Historically, the plant produced a wide variety of arms and sports weapons for the Russian Army.
Originally, the plant was created to defend the citizens of Tula from nomads' invasions, because they did not have enough weapons, which were produced in Moscow. So, by decree of Peter the Great in 1712, construction started on the plant. The factory was equipped with then-progressive equipment such as: water machines, "trochanteric" machines for drilling shafts, grapes, hammers, machines for "scrubbing" - exterior and interior finishes trunks.
In the 18th century this plant was recognized as etalon of Russian Arms Production. In 1720, for the weaponry of Russian army, the plant produced 22 thousand light infantry and dragoon rifles, pistols flintlock. In 1749, the plant started mass production of cold weapons- knives, sabers, broadswords and swords. The flourishing of Tula Arms Plant had in the second half of 18th century, when in that time, rapidly increased a demand on the artistically decorated weapons. A unique, remarkable for its elegance invention Tula’s plant - "Diamond Line" on the metal, and many other secrets of decoration on metal and wood are rooted precisely in this era. By the end of 18th century, becoming known names such fine gunsmiths as Ivan Pushkin, Ivan Lialin - creator of the double-barreled breech-loading flintlock, Ivan Pauline - the designer who created one of the first examples of a multiply-charged weapons shop.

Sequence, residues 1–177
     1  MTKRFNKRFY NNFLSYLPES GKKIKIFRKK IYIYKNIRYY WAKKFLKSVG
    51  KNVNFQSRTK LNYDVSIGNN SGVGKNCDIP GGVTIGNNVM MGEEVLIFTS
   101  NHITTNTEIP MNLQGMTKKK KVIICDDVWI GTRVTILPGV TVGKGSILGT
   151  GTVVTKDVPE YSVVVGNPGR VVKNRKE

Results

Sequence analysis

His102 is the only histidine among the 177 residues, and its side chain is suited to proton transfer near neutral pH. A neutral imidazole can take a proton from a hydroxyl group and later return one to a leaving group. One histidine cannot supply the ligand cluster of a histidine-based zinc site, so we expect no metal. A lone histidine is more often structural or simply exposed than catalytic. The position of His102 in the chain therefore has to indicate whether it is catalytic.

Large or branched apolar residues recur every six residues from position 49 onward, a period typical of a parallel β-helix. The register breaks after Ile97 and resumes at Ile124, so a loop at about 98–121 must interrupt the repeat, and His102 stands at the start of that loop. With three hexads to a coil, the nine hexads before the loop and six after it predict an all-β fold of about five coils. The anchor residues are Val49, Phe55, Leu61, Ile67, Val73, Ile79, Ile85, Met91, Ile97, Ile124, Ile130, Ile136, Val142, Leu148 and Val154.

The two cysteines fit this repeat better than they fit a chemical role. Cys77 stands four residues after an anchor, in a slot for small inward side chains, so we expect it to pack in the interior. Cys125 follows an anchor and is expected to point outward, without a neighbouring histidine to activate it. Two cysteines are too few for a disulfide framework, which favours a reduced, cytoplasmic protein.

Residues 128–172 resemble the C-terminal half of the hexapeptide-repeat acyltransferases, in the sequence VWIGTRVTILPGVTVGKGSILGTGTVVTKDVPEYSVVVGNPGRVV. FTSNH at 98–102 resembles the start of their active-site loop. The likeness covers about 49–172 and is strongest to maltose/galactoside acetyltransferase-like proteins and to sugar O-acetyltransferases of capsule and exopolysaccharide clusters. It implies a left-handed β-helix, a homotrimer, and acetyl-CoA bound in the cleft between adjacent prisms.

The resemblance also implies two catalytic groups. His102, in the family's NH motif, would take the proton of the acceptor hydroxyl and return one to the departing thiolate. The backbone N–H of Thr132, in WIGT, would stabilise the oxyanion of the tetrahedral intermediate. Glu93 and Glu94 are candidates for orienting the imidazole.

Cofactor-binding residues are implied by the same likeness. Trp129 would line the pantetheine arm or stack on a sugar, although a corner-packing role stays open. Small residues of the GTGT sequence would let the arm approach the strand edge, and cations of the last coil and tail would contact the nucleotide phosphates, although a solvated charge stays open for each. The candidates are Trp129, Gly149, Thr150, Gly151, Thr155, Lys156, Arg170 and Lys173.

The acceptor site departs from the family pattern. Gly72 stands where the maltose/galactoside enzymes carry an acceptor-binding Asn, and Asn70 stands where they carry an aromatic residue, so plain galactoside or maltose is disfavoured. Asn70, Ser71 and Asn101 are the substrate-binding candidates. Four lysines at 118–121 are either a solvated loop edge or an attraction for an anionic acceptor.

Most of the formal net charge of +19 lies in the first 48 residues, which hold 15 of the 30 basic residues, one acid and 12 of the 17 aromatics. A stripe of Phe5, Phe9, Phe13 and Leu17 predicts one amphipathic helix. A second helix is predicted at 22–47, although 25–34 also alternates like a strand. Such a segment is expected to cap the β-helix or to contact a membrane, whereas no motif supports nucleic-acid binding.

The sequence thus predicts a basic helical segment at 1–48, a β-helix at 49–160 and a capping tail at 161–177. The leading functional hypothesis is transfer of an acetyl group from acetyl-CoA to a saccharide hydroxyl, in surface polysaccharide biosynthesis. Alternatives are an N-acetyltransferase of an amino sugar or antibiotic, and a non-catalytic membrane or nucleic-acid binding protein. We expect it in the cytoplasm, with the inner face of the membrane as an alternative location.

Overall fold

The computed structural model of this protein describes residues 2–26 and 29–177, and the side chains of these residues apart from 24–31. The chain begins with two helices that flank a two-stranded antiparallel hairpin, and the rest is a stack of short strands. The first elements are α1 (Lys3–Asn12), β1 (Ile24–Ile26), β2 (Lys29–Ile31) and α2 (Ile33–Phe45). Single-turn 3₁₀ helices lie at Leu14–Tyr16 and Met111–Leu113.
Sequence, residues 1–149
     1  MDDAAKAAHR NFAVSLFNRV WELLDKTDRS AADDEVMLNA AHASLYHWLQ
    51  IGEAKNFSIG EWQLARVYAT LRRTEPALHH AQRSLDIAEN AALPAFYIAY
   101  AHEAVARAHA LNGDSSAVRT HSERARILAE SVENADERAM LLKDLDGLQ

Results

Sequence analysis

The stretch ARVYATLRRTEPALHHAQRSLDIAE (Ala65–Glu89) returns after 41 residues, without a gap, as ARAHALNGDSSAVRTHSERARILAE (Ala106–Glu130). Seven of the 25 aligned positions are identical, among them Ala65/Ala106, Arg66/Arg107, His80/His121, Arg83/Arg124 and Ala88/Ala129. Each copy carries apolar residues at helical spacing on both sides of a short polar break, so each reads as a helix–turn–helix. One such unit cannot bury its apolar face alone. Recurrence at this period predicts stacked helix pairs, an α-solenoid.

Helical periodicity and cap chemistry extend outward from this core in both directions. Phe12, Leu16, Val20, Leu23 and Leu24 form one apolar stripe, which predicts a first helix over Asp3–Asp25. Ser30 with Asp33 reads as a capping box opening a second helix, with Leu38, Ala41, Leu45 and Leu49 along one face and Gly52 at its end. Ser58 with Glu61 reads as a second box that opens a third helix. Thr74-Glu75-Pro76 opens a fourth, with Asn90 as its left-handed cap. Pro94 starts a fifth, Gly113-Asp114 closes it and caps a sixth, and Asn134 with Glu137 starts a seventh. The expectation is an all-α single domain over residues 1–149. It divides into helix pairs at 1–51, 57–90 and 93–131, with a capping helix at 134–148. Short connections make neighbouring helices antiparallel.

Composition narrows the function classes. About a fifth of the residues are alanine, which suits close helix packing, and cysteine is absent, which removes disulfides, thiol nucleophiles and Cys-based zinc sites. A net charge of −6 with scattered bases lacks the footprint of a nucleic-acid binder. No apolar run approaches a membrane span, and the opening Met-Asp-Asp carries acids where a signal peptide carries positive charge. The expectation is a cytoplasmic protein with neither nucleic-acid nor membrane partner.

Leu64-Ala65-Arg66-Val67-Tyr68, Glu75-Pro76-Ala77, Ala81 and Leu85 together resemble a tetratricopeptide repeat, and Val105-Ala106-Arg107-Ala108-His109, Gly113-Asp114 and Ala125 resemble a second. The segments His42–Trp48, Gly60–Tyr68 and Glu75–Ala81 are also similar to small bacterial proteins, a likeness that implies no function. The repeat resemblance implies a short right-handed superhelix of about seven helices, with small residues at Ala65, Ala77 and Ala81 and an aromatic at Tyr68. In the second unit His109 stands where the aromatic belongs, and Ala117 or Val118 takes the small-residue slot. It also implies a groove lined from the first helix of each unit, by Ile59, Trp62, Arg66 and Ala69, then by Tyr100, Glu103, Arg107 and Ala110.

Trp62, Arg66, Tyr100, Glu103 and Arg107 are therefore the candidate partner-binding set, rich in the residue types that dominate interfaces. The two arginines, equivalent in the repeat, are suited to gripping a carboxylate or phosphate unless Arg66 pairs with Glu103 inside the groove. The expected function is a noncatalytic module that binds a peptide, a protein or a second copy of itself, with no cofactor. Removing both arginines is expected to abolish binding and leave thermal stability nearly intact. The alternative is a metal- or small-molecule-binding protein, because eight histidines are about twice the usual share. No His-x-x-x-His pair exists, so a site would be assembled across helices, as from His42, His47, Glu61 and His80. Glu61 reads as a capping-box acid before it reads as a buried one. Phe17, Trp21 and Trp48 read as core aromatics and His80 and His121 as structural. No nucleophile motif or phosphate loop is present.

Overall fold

Reconstructed in the 19th century Tula Arms Factory became one of the most prominent arms factories in Europe. In 1879 the plant started production of the famous Berdan rifle with an improved bolt. Workshop was organized by a model where created their own models of small arms and hunting weapons. Increased production of various products: single- and double-barrel muzzle-loading shotguns, breech-loading center-fire rifles. Designer Sergei Ivanovich Mosin took part in devising damascus steel technology used in production of barrels. He also designed a bolt-action rifle which was put to testing along with a rifle developed by Émile Nagant. In 1891, as a result of complex tests Mosin's entry was chosen over the Belgian design and it was adopted by the Imperial Russian Army as the three-line rifle of 1891.
In 1902 the factory was re-organized, fully mechanized mass production of hunting rifles (first hammerless shotguns model "B", and then Ivashentsev’s trigger gun system). In 1910 the factory started the production of Maxim machine gun. In 1920s the plant had developed and produced a range of different firearms, such as: hunting shotgun model "P" and carbine NK-8,2 (designed by Kochetov), small-caliber rifles TOZ-1 and TOZ-2, single-shot rifles TOZ-7 and TOZ-8, and sporting shotgun TOZ-10.